Mining the latest on the coal industry

Record production numbers
Blaschak Coal Corp. of Mahanoy City has mined yet another coal-production record – surpassing last year’s record mark in less than nine months.

In 2011, the 75-year-old coal company announced that its “run of mine” coal production exceeded 642,000 tons. Through the third quarter of 2012, Blaschak’s run of mine coal production has surpassed 680,000 tons.
The company expects that number to grow to beyond 800,000 tons by the end of the year.
Based in the heart of Northeastern Pennsylvania coal country, Blaschak sits atop the largest known anthracite field in North America.
According to the Pennsylvania Anthracite Council, there are 4-6 billion tons of reserves of anthracite left in the Northeastern Pennsylvania region.
Blaschak’s increase in production led to more than 40 new jobs being added over the last two years. Blaschak now employs approximately 150 workers, with further growth anticipated in 2013.
Will coal experience a rebirth?
Right now, it’s difficult to say until after the General Election, said Duane Feagley, executive director of the Pennsylvania Anthracite Council, a trade organization based in Pottsville.
“Right now the gas prices are very competitive,” said Feagley. “It’s impacted our market a little but not much.”
Bill promotes growth
State Rep. Mike Tobash said a new bill he helped create would increase the supply of coal in Pennsylvania and free up some funds that were previously unavailable.
“We are going to free up capital for equipment and job creation,” said Tobash, a prime sponsor of House Bill 1813, which the House of Representatives passed Oct. 17, the Senate approved Oct. 18 and Gov. Tom Corbett signed into law Oct. 22.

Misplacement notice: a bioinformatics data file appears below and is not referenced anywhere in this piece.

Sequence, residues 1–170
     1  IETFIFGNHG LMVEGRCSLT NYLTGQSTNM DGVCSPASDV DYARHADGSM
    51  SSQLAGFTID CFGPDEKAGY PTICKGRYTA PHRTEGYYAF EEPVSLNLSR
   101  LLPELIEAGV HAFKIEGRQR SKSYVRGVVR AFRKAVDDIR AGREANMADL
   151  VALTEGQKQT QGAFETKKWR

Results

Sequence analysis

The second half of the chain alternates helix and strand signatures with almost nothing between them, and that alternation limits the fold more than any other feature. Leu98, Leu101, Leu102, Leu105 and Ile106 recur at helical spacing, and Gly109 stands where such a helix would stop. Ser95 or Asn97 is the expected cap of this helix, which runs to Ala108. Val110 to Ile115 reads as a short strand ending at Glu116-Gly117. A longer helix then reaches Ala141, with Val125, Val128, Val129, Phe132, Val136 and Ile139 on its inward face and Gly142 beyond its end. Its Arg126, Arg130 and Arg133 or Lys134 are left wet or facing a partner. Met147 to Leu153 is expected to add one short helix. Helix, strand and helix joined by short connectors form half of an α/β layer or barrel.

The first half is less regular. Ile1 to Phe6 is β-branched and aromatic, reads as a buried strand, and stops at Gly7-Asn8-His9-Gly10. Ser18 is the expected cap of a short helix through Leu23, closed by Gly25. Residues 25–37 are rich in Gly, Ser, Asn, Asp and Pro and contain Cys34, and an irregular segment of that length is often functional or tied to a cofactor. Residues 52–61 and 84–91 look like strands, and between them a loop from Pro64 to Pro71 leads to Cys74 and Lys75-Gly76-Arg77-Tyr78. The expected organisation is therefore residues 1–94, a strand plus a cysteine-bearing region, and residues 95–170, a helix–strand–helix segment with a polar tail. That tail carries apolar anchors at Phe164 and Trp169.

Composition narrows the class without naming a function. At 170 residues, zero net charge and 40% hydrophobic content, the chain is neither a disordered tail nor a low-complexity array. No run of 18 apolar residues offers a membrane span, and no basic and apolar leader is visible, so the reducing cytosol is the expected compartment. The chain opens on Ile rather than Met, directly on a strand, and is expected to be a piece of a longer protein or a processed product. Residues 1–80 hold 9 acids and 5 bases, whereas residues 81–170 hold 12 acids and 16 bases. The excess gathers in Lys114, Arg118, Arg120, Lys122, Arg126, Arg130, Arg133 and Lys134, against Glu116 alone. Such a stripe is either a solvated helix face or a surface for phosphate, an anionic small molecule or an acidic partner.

“The industry has been unfairly characterized as a polluter because of past practices,” Tobash told Lehigh Valley Business. “There’s no question in my mind that this will help.”
Mining standards have improved and now, according to Tobosh, the industry is very mindful of the environment and has more resources to reclaim previously disturbed land.
House Bill 1813 amends Pennsylvania’s Surface Mining Conservation and Reclamation regulations to provide for the use of Land Reclamation Financial Guarantees for new and re-mining projects, said Tobash.
The bill also codifies the source of funds for Acid Mine Discharges that have been ordered by the courts. The bill will help mine reclamation efforts, lower electric generation costs and create jobs, he added.
Since it is difficult for coal producers in the anthracite region to get bonds, this bill would help them get the funds they need.
“We’ve got technology now that allows us to get energy from lots of different areas,” said Tobosh.

Brian Pedersen
Reporter Brian Pedersen covers construction, development, warehousing and real estate and keeps you up to date on the changing landscape of our community. He can be reached at brianp@lvb.com or 610-807-9619, ext. 4108.

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